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“Regenerating Amazonia” is inspired by an academic article* by Brazilian scientist Ricardo Spaniol. The study shows that butterflies and moths gradually became less colorful in the devastated areas of the Amazon Forest. Fires and human deforestation are clear causes of environmental change in the Amazon. The report demonstrates that adequate policies and investments in the regeneration of the Amazon Forest can revert the phenomena and recover the insects’ colors.


In this installation, the butterfly species Prepona narcissus, one of the endangered species of the Amazon, was pictured with gradually diminishing colors in the main piece. Along three exhibitions, the artist invited the public to participate by interacting with color-pencil on black and white postcards, bringing back the colors to the outlined butterflies. These colored postcards were displayed on a panel next to the main piece. The work's goal was to bring attention to the current state of the Amazon rainforest and call for action.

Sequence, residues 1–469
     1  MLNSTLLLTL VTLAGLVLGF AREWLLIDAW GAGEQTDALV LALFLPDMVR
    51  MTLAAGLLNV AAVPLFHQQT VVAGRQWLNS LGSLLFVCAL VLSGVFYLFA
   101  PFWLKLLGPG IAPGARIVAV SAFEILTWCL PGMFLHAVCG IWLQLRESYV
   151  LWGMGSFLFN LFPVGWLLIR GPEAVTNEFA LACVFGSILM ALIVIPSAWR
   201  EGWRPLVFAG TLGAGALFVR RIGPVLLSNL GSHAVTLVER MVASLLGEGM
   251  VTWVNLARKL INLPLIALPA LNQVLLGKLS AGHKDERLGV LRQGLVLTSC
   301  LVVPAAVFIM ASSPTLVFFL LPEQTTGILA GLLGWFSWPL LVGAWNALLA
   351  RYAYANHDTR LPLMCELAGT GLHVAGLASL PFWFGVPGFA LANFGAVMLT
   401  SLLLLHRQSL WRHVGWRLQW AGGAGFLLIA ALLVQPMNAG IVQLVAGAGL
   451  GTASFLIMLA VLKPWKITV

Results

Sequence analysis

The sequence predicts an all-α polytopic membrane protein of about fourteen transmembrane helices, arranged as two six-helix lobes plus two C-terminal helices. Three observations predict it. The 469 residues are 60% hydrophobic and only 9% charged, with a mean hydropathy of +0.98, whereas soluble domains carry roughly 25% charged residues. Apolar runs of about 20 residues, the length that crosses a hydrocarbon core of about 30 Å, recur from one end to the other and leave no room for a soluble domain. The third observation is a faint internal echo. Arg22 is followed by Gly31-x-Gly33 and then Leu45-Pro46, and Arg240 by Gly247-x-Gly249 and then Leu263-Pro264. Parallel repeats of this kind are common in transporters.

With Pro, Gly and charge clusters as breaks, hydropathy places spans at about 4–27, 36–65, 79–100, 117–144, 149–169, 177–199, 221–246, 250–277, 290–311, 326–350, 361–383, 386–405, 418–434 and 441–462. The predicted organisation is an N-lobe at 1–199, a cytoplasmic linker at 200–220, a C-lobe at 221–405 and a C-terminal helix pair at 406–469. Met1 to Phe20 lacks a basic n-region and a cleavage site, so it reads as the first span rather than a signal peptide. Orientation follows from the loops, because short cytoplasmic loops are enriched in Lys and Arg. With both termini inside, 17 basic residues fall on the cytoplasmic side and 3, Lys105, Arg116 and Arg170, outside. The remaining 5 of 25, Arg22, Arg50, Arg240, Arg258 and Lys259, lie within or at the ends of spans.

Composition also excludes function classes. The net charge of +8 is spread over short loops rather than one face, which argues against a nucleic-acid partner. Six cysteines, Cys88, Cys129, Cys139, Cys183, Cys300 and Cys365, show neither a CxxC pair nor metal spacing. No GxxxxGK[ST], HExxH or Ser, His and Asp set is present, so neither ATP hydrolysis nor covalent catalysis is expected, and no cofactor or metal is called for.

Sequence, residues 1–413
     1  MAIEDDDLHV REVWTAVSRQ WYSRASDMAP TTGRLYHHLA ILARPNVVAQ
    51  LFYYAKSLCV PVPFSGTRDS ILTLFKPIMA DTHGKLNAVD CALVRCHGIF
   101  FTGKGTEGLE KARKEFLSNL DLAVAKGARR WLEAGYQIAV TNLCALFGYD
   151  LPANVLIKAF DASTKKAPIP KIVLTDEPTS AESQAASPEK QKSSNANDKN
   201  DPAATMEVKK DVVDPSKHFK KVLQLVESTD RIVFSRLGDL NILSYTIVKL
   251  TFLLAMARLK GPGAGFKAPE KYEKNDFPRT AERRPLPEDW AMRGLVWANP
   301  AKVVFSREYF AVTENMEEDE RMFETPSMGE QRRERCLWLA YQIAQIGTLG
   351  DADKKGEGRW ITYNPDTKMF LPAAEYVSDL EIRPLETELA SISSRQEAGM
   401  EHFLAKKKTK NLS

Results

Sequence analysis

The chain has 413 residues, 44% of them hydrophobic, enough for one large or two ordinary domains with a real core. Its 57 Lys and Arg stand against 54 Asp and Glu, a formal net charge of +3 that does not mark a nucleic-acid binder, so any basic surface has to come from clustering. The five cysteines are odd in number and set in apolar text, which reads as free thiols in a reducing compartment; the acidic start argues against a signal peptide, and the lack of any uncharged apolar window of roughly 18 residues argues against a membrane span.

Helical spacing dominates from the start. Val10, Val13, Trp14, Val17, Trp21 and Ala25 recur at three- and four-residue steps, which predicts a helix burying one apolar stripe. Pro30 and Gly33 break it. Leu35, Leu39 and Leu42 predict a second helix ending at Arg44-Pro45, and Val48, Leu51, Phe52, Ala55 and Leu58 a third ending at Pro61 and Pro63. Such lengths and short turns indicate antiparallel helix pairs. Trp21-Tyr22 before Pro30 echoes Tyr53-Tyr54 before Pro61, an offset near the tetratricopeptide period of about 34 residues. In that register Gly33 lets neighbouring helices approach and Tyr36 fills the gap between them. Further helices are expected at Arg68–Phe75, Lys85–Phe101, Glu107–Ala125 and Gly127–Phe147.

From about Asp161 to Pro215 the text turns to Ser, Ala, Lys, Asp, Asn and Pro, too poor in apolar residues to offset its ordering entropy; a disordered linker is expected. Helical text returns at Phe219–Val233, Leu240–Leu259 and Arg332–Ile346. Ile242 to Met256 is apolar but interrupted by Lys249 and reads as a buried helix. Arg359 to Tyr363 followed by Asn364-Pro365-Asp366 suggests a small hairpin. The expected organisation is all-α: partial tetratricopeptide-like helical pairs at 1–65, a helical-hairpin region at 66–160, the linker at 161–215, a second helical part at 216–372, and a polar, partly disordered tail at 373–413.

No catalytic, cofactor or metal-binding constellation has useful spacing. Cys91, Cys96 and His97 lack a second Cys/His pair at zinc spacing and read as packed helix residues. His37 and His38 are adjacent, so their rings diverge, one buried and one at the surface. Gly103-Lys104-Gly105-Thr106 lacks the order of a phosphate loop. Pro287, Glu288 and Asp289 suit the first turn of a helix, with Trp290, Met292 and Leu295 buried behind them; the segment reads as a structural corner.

The work was part of an independent art exhibition, “Do Write Write to Me” from Uncool Artist Group. It was shown in New York - Chelsea (October 2021), Miami - Design District (December 2021), and in São Paulo - Brooklin in April 2022.


*Spaniol, R.L., Mendonça, M.d.S., Hartz, S.M. et al. Discolouring the Amazon Rainforest: how deforestation is affecting butterfly coloration. Biodiversity and Conservation 29, 2821–2838 (2020).


Regenerating Amazonia, 2021

304 hand-cut printed butterflies on biodegradable acetate, insect pins, raw linen, certified wooden shadowbox 61 x 41 x 2 in

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